In the last few years, Black Friday has revolutionised British retail. Black Friday as we know it today began in the US in the late 1980s when retailers decided to use the chaos that followed Thanksgiving to help stores to turn a profit. Since then, expectation has grown for days, weeks or even a full month of sales and discounts. Black Friday is huge in the US - according to a National Retail Federation survey, 58.7% of Americans were planning shopping trips over the Thanksgiving weekend. But what about the UK?
Black Friday in the UK is a much more recent concept with some noting Amazon’s 2010 Black Friday event being the first of its kind. Other retailers picked up on the trend until eventually, almost all retailers were offering deals on the day after Thanksgiving. And it’s catching – Black Friday is on the rise across European countries, although 60% of French people are thought to still be unaware of what it is.
When Black Friday really hit the UK in November 2014, many supply chains struggled to cope. Some of the most famous brands struggled to meet orders – Argos, ASOS, Curry’s PC World amongst others – with some customers waiting up to 10 days to receive their items. There have been two more attempts since then so how did 2017 go?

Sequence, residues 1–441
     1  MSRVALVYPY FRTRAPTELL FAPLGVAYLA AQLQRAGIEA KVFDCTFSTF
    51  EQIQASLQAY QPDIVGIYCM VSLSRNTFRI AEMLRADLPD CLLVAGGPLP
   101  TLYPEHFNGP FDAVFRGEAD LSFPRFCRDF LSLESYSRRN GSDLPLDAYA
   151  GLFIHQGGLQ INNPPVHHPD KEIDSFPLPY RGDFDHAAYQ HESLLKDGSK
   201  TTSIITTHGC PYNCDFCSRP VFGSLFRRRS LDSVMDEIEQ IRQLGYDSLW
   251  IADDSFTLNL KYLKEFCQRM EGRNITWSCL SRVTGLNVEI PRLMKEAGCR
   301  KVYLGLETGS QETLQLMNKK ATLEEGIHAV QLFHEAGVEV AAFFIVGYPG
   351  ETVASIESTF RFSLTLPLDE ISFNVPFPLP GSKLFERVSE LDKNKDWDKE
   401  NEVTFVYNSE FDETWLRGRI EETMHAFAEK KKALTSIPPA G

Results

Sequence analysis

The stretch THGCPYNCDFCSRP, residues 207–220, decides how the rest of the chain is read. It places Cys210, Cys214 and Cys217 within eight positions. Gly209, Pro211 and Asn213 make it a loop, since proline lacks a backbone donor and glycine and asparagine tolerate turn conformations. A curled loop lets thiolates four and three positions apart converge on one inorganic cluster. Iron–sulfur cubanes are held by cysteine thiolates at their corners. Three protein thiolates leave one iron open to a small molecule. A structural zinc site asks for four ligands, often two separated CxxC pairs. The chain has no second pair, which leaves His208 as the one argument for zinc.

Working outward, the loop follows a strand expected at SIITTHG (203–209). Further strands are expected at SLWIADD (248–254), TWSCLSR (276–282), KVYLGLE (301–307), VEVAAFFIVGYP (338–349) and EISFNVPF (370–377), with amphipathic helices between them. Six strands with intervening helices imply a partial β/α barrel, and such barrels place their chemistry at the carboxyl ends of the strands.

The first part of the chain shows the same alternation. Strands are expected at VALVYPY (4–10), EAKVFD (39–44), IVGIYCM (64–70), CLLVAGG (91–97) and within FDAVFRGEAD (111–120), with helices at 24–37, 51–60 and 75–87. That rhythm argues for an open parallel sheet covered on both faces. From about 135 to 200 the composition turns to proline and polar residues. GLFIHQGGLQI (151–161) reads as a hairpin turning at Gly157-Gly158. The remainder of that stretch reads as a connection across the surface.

The success of Black Friday 2017 depends on who you ask. According to Ipsos Retail Performance, UK footfall on Black Friday was up 0.95% year-on-year, with 42% of retailers experiencing footfall growth. However, other analysts suggest that footfall may have been down as much as 3.6% compared to 2016.
What do the experts say?
Drapers editor Keely Stocker notes that the increased sales on Black Friday make up for the lack of spending in the preceding weeks, with consumers now waiting for the discounts before making their purchases. She also points out that instead of festive spending in the run up to Christmas, people buy their presents early, at a large discount and have no need to shop later on in the year. A Drapers survey found that almost half of respondents believed that discounting was damaging the industry.
Fat Face chief executive Anthony Thompson agrees, declaring that cutting prices so close to Christmas is “bonkers”. However, Seb James, chief executive of Dixons Carphone, told BBC Today: "We think we sell more because we gain market share”. He also argues that customers receive “real deals”.
Regardless of success of Black Friday deals, it seems it’s here to stay. Those who choose not to get involved may lose out to those who do...
Originally Published 28/11/2017